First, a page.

When it comes to animation, creating realistic animal movement can be an extremely difficult thing. Especially when it comes to video games, and making sure that as the animals traverse across the terrain they are behaving how they should. If you've played Far Cry 4 you know the game features quite a few animals, likely the most unique being the Elephant. This week at GDC 2015 Andy Konieczny, Animation Technical Director at Ubisoft spoke in great lengths on how they tackled wildlife animations and rigging in Far Cry 4.
Andy began the talk by explaining the things they wanted to accomplish in Far Cry 4, "With the overall success of animals in Far Cry 3, animals have become a brand staple. With Far Cry 4 we had to take it to the next level, we had to add more animals, and bigger animals. So we had animals like the Yak, Rhino, and Elephants, and we had to put them in the mountains. We also had to make sure that they could adapt to any type of terrain."
"The goal was pretty straight forward, we needed believable wildlife that can adapt to any type of terrain and we had a few constraints we had to deal with. We had to ship on current gen and next-gen, so we had to abide by some strict memory and CPU constraints." When shipping for both current gen and next-gen hardware this is a common speed bump that studios need to overcome. Even though they are shipping on next-gen, the game still needs to run properly on the previous gen consoles. So there is a balance that you need to find.
Andy went on to talk about how they approached animals in Far Cry 3 and the issues that arose, "The way we handled animals on terrain in Far Cry 3 was basically calculating the normals of the ground using the physics capsule, and then aligning the character to the ground based on those normals. This worked pretty well for smaller animals, but with animals like the Elephant it didn't look very realistic. It looked as if the Elephant was going to fall over the hill. So we really had to make it look more natural, and more balanced." Andy continued, "We also had issues with the giant capsule size for the character, and smaller details in the ground would cause the feet to either clip through the ground or float above it. We had to figure out a way to make the feet connect with the ground and make the character look more natural."
Far Cry 4
To solve this issue of clipping and unnatural the team considered actually creating animations for the different slope angles. IK would then be applied over the legs to fix up the smaller ground details. This ended up not being ideal, because it would take a lot of animations to cover all the circumstances, and with any production you need to consider the cost, and this would have taken much too long on the animation side of things both in time and money. Since Ubisoft was creating Far Cry 4 for previous gen consoles as well, the memory budget was very tight, being only about 30 megabytes on PlayStation 3 and Xbox 360, so anything added to the game would eat into the memory budget.
Andy continued to explain the approach they used for Far Cry 4, "Our approach was two major steps. First we gave a gross posture adjustment to the character using additive poses. Second we used Inverse Kinematics to give us a finer detail of foot placement on the ground." Andy then further defined the first step, "Looking at a lot of reference footage you can see that based on different slopes, the animal really adjusts their center of mass to kind of counter the effects of gravity. So shifting the weight in a different manner based on the slopes the animal is on. We decided represent this shift in the center of mass using additive poses. We would layer these animations, we would generate five different poses for each of the pitch angles, the roll angles, and then we would blend these together and additively layer this over of the top of our existing locomotion." A huge benefit with approaching it this way is that you really have complete artistic control, because the animators are able to pose the animal anyway they want, and make it look as natural as possible in the different extreme poses.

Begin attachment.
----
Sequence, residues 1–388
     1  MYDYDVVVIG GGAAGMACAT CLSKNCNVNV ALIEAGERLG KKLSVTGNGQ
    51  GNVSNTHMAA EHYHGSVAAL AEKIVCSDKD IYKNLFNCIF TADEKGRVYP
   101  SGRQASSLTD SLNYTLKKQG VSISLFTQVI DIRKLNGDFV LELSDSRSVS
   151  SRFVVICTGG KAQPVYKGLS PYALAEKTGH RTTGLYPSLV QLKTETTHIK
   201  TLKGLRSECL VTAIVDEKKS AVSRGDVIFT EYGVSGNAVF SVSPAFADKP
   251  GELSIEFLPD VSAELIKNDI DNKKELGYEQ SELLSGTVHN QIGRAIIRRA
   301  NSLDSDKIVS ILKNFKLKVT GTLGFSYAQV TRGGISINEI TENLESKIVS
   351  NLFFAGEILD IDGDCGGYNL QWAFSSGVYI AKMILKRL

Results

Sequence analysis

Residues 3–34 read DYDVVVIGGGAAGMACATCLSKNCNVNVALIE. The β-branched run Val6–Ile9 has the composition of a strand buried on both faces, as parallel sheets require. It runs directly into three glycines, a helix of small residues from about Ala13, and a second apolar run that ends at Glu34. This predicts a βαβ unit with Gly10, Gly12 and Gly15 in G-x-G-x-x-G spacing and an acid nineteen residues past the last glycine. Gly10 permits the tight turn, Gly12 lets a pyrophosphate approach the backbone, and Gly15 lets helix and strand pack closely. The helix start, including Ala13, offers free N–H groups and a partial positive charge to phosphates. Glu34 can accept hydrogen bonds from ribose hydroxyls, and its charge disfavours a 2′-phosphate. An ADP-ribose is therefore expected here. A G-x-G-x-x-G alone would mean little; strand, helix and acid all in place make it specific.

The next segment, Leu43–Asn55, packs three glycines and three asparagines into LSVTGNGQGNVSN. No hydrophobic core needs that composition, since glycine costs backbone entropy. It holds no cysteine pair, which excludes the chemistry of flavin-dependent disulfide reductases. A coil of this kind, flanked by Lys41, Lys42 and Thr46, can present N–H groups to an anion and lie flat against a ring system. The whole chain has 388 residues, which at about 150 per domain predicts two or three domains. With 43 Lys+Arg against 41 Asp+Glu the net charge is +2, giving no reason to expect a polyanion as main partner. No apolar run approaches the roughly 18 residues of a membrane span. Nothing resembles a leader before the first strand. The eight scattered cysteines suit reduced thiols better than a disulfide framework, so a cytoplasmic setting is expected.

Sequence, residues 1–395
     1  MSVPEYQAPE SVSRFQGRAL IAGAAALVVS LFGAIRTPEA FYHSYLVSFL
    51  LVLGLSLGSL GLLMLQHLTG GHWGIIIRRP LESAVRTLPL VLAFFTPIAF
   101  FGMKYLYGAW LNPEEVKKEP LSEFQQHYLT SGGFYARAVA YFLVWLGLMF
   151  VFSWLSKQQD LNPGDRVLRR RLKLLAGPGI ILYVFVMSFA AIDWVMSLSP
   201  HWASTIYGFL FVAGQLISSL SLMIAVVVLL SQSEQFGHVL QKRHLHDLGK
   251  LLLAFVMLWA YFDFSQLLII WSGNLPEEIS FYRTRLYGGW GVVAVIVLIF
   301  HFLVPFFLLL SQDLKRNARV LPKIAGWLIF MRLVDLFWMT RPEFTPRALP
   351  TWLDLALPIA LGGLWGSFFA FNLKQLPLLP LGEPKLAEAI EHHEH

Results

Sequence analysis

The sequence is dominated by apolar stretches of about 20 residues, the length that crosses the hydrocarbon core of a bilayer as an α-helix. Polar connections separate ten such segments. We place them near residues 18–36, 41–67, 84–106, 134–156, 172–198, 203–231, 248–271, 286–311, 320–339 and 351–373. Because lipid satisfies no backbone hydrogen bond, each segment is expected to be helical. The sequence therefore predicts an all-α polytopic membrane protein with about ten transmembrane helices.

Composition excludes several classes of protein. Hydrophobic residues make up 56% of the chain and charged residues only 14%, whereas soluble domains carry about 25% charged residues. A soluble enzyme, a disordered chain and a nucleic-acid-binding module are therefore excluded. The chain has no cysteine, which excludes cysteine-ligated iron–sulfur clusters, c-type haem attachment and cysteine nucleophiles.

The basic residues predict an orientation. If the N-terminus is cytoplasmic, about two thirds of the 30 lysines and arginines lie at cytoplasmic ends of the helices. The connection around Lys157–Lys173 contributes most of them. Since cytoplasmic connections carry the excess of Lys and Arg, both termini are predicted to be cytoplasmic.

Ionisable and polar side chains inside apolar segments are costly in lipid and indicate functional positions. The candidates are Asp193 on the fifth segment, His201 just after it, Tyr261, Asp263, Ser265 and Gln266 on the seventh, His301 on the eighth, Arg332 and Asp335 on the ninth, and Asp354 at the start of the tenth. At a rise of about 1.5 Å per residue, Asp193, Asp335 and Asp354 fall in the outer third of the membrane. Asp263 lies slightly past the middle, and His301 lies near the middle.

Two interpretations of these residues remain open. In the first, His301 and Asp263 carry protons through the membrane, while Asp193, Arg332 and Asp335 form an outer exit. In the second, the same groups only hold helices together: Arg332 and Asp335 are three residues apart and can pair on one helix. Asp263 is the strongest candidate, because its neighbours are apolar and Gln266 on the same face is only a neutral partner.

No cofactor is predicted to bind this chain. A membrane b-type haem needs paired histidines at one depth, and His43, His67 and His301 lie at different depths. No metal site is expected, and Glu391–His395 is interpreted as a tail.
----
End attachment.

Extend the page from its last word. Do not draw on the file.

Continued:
In order to get the foot placement correct the team used IK and Andy explained that process further, "We decided to use Autodesk's Human IK middle ware to handle this, we wanted more than two bone IK, and we were also using Motion Builder for authoring our animations, so it made sense for us to generate a light weight version of this rig and use this in the run time." Andy continued to talk about the IK data setup, "On the data setup we had to add four bones to our skeleton, and each of these bones was parented to the root of the character. These bones were then constrained to the foot FK bone. We then baked out each one of these animations with this data in them, and these bones represented the IK targets."
Finally Andy went over some of the things they hope to achieve in future projects. "We are also going to be looking at full body IK, we weren't able to use full body IK because we had to make it ship on current gen, so we're going to be evaluation full body IK in the future. The full body IK really helps the body, and helps the legs get to where they need to be, and gives it a more natural motion rather than hyper extending the legs. We will also be looking at Autodesk Creature Solver, we didn't have this available to us at the time of Far Cry 4, and we are going to be looking at this as well for future projects."